PORTLAND, Ore. (PORTLAND TRIBUNE) — A Multnomah County Circuit Court judge ruled Monday, Sept. 20, that Portland police officers’ filming and live streaming at protest events in 2020 violated Oregon law.
The American Civil Liberties Union of Oregon filed a lawsuit July 29, 2020, against the city of Portland for the Portland Police Bureau’s habit of livestreaming footage of protesters for use internally and in feeds to the public. Earlier this week, a judge found that the practice violated state law and a 1988 agreement between the ACLU of Oregon and the Portland Police Bureau that stipulates the bureau won’t “collect or maintain information about the political, religious, or social views, associations or activities of any individual, group, association, organization, corporation, business or partnership unless such information directly relates to an investigation of criminal activities and there are reasonable grounds to suspect the subject of the information is or may be involved in criminal conduct.”
The video broadcasting was halted last year, when the court issued a temporary restraining order against the Police Bureau.
As Pamplin Media Group reported at the time the lawsuit was filed, the city did not archive the videos captured during protests, but the video footage meant federal law enforcement agencies could, leaving protesters subject to surveillance by federal law enforcement agencies.
“PPB has offered varying rationales for livestreaming videos of protesters,” the ACLU lawsuit states. “Its policies say that it does so to provide ‘situational awareness’ and to record possible criminal activity. … However, in a separate email, a Senior Deputy City Attorney wrote that PPB had livestreamed one video not to provide ‘situational awareness,’ but rather ‘so the community could understand what was occurring at the protest.'”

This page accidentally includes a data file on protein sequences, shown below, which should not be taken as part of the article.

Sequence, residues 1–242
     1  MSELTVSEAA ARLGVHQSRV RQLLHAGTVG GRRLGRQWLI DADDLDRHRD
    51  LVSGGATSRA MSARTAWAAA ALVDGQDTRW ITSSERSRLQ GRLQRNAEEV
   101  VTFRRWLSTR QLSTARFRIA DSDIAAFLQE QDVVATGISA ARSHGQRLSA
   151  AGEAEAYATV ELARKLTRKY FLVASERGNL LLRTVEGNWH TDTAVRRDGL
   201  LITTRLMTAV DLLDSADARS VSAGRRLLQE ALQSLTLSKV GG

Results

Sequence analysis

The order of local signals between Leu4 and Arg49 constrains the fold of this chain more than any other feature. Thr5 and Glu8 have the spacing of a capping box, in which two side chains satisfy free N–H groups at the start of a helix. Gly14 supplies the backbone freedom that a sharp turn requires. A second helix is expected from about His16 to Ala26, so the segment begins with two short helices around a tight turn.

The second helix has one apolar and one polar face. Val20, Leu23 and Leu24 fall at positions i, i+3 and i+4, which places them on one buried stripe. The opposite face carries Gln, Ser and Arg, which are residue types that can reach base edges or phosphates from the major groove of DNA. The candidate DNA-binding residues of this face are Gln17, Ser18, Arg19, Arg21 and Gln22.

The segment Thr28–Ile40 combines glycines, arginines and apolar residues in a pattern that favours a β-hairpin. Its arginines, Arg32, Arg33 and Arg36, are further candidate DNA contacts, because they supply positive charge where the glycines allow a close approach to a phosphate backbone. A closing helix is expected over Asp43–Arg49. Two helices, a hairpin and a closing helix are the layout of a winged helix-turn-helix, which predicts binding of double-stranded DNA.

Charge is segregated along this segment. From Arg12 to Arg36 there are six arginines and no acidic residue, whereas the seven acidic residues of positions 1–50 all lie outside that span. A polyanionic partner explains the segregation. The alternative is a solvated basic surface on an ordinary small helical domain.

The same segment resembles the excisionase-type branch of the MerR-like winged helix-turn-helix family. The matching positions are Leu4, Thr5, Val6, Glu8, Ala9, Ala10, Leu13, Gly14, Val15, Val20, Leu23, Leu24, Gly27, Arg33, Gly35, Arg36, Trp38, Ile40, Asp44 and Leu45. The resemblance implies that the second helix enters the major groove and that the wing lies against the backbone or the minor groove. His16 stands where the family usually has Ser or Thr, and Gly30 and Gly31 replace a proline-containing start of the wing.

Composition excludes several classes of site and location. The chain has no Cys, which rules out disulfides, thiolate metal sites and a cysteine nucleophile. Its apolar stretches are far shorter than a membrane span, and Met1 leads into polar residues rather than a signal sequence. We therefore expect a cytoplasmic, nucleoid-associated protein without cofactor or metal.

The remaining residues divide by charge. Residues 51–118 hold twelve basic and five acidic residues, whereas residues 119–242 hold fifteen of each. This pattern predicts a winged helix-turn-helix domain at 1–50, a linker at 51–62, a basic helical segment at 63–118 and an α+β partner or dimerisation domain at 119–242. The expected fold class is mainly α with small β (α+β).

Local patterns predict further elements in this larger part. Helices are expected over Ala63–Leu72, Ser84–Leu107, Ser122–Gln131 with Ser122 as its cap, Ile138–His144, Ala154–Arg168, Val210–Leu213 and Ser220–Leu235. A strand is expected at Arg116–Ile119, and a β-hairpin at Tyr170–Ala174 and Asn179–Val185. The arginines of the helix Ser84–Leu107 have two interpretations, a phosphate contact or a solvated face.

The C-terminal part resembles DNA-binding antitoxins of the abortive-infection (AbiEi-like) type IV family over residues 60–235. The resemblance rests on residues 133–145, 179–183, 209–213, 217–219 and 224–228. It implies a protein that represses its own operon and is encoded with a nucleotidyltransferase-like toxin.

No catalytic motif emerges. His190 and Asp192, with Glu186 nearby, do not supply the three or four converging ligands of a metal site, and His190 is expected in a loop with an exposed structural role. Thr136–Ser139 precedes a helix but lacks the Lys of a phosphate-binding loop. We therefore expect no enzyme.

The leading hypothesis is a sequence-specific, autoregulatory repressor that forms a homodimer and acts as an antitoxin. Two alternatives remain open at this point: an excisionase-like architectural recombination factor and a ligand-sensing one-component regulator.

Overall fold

Upon the filing of its lawsuit in 2020, the ACLU said the existing Oregon law that prohibits law enforcement agencies from “spying” on residents is an important safeguard against police abuses of power.
Marie Tyvoll is a plaintiff in the case, identified in the legal filing only as “protester #1.” Tyvoll said the police broadcasts put protesters at risk.
“When I showed up to support Black Lives at a protest, I did not expect that the police would invest so much time, money, and energy in broadcasting my face over the Internet,” Tyvoll said. “Standing up to injustice is important to me; having my own government deliberately put me at risk for broadcasting my location and political stance — known as ‘doxing’—is unbelievable. In a time when extremists and hate groups violently attack activists, I am grateful that the Court saw how harmful this practice is and chose to put a permanent stop to it.”
Kelly Simon, legal director for ACLU Foundation of Oregon, said Judge Thomas Ryan’s ruling solidifies Oregonians’ right to protest without fear of government surveillance.
“We are pleased that Judge Ryan was willing to apply Oregon law in a common sense way to protect our right to protest without fear of government surveillance or government-supported doxing. This should put all Oregon law enforcement agencies on notice that police have no business filming, photographing or otherwise collecting information on protesters. Protest is fundamental to democracy. Protest is not a crime. Period.”
The Portland City Attorney’s Office did not respond to a request for comment.